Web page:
Boomkat Product Review:
23 solo piano tracks recorded between 2009 and 2021, almost all previously unreleased.
"'Old Friends New Friends' was pieced together during the pandemic as Frahm used the time to arrange his archives, conscious of the sheer number of recordings he’d accumulated. Having selected his favourites, he realised how, when he listened to them together, they offered “a different spectrum of freedom for me. I forgot that some tracks are ten years old, some two, and they’re all played on different pianos. Instead I remembered how, as a fan, I love albums like this. With a lot of my records there’s a point where you feel, ‘This is the centrepiece,’ but here I wasn’t really worrying about that. It still feels like my universe, though, and I’m proud that all these things which I never found a way to unite before now work together. It’s like I tossed flowers indiscriminately into a vase and then realised it looked exactly right.”
One can only guess how difficult it may initially have been to narrow down candidates for public consumption from the wealth of choices, because even selecting highlights from Old Friends New Friends is a challenge. Nonetheless, among its almost 80 minutes of music are the fluid ‘Rain Take’, in which his instrument’s glistening ripples are married with the distant sound of a deluge outside; ‘Wedding Walzer’, a Satie-esque piece so intimate Frahm’s pedal-work threatens to overshadow its delicate melody; the unexpectedly touching ‘Then Patterns’, the exquisitely graceful ‘Acting’, and the redemptive, radiant ‘The Chords Broken Down’. Clearly, these are much more than outtakes, something Frahm has no trouble explaining. “Often tracks that don’t make it onto an album are the ones with the most boldness and bravery.”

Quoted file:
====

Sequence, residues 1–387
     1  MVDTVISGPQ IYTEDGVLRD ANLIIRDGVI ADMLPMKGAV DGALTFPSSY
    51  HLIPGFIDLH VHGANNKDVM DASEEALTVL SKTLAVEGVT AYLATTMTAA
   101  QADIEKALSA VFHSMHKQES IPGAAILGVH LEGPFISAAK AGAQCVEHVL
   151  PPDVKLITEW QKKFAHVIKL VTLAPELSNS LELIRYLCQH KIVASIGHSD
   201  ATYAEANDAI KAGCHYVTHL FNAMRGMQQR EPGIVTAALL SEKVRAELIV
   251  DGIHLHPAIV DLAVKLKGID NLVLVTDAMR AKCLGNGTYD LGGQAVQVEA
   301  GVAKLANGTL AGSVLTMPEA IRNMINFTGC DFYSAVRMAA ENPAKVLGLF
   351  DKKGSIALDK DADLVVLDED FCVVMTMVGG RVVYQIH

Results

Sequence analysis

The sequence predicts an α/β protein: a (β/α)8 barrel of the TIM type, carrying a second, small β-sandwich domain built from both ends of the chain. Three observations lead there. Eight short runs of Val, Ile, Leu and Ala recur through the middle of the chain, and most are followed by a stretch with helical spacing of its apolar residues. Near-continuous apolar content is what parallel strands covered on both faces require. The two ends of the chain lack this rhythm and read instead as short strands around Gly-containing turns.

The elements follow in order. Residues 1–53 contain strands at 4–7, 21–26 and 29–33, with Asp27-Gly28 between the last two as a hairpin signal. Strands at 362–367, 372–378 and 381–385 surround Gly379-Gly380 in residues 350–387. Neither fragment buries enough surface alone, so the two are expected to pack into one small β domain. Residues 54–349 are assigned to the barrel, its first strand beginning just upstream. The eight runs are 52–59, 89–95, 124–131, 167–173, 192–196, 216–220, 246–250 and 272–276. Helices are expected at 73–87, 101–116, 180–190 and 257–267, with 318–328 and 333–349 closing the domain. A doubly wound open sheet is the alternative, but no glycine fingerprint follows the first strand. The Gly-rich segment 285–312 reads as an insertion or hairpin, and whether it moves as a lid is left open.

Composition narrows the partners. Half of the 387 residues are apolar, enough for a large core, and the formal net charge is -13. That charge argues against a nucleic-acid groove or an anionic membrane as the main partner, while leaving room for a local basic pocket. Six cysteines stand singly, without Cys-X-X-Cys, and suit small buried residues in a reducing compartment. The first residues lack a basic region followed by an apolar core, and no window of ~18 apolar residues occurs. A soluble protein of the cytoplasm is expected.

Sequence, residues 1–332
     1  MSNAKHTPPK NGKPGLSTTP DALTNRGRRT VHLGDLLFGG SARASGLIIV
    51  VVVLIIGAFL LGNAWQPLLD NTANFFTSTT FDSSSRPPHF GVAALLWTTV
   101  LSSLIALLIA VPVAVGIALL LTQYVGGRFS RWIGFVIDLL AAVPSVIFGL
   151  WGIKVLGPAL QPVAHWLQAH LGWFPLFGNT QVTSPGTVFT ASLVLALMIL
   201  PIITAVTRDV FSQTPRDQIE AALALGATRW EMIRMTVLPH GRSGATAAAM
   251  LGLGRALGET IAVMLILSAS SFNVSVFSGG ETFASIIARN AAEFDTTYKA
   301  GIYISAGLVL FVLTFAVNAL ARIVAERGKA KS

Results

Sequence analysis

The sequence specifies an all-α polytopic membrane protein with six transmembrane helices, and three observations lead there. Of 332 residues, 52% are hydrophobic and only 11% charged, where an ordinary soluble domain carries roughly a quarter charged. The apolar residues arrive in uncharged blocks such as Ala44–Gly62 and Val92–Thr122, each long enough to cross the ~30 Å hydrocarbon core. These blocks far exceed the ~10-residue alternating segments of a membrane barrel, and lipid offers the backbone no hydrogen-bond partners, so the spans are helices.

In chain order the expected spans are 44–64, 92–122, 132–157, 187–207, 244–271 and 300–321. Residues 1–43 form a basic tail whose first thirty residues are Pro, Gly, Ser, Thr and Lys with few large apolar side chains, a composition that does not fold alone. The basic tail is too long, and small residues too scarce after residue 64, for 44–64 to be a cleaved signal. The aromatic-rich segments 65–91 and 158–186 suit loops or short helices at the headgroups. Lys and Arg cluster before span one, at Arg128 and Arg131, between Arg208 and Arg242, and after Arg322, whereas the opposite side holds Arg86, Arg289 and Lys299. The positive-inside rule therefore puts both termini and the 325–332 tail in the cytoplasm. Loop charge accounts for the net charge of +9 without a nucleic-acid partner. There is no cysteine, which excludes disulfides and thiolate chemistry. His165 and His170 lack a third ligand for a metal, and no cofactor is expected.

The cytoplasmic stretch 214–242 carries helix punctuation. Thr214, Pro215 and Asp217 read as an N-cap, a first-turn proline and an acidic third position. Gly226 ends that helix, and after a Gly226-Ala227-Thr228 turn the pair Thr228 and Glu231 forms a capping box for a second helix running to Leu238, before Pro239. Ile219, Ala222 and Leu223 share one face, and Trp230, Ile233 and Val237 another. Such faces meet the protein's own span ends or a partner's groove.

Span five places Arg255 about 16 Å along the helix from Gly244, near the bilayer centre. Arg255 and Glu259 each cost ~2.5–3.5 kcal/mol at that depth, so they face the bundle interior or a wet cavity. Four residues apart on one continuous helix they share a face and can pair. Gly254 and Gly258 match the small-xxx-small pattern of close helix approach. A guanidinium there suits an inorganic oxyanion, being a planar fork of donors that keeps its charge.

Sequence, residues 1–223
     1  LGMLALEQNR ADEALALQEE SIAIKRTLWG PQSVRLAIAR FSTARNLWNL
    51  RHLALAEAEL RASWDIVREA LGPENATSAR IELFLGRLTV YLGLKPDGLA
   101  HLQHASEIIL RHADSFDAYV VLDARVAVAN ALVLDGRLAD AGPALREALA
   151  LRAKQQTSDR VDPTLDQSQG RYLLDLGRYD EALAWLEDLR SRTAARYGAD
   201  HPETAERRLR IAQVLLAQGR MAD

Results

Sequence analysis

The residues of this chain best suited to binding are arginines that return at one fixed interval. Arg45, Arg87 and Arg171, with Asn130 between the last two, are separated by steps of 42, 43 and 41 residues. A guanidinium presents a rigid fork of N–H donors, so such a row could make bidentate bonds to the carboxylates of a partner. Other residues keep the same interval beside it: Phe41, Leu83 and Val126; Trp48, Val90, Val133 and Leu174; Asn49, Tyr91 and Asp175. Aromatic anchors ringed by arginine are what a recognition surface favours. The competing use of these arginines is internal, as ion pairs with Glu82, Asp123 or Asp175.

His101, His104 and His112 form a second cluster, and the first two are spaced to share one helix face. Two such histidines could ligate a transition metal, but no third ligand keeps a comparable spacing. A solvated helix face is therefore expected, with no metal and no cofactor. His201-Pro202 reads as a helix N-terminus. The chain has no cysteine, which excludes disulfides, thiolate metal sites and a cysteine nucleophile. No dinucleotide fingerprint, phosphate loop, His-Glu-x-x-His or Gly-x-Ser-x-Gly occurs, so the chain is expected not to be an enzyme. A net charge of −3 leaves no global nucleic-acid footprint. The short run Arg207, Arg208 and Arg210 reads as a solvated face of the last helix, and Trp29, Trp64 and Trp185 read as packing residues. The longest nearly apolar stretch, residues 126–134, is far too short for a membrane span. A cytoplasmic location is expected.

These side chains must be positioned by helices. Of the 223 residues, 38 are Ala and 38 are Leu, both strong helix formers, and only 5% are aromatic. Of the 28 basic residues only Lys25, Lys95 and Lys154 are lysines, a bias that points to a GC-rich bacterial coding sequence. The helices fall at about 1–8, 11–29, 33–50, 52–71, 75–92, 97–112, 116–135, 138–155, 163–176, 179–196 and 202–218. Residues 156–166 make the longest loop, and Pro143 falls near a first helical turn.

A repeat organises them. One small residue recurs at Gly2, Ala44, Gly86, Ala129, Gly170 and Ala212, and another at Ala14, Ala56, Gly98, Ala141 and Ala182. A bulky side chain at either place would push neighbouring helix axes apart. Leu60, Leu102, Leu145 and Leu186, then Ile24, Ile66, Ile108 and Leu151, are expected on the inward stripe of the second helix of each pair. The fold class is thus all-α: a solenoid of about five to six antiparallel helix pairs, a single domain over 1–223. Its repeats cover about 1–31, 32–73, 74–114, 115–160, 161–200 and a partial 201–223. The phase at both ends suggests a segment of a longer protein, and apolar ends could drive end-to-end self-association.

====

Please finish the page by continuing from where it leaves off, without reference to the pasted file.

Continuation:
Frahm has other reasons to release this record, too, among them a craving to protect his legacy in an era where ‘bonus material’ is in constant demand. “The nature of the mind – and a hard drive – is that you forget a lot of stuff,” he says, “and I hate the idea that somebody might browse through my things trying to find something I’d forgotten. I’ll probably burn everything before I go, but these are pieces I wanted to put out. So this is an original ‘Nils Frahm’, so to speak, not somebody curating a leftover meal.”
Furthermore, Frahm felt an urge to clean the slate before making his next move. His debut, Streichelfisch, was released 16 years ago, and not only has his solo output since then been prolific but he’s also engaged in large amounts of collaborative work with friends like Ólafur Arnalds, Peter Broderick, F.S. Blumm, Library Tapes and Anne Müller. “My intuition,” he says, “is that it’s easier for me to start over if the body of work from the last ten years or so is organised enough that I never need worry about it again. It’s time to forget about the past, but in order to never think about it again I have to address it first.”
Whether or not it’s prudent to add to the significant amount of music he’s released in recent years, Frahm’s unconcerned. “History tells us people sometimes pick up on records years later and still like them, so hopefully my music isn’t bound to any specific date. If people hear this for the first time in, say, 20 years, they won’t worry about when it came out, or whether something else also came out the same year. And anyway: who knows? Maybe at some point down the line I won’t release any albums for five years!”
As for how he feels letting the music loose into the world, Frahm simply chuckles. “It’s like if your kids finally move out when they’re 23, and you realise, ‘Shit, this could have happened years ago!’”"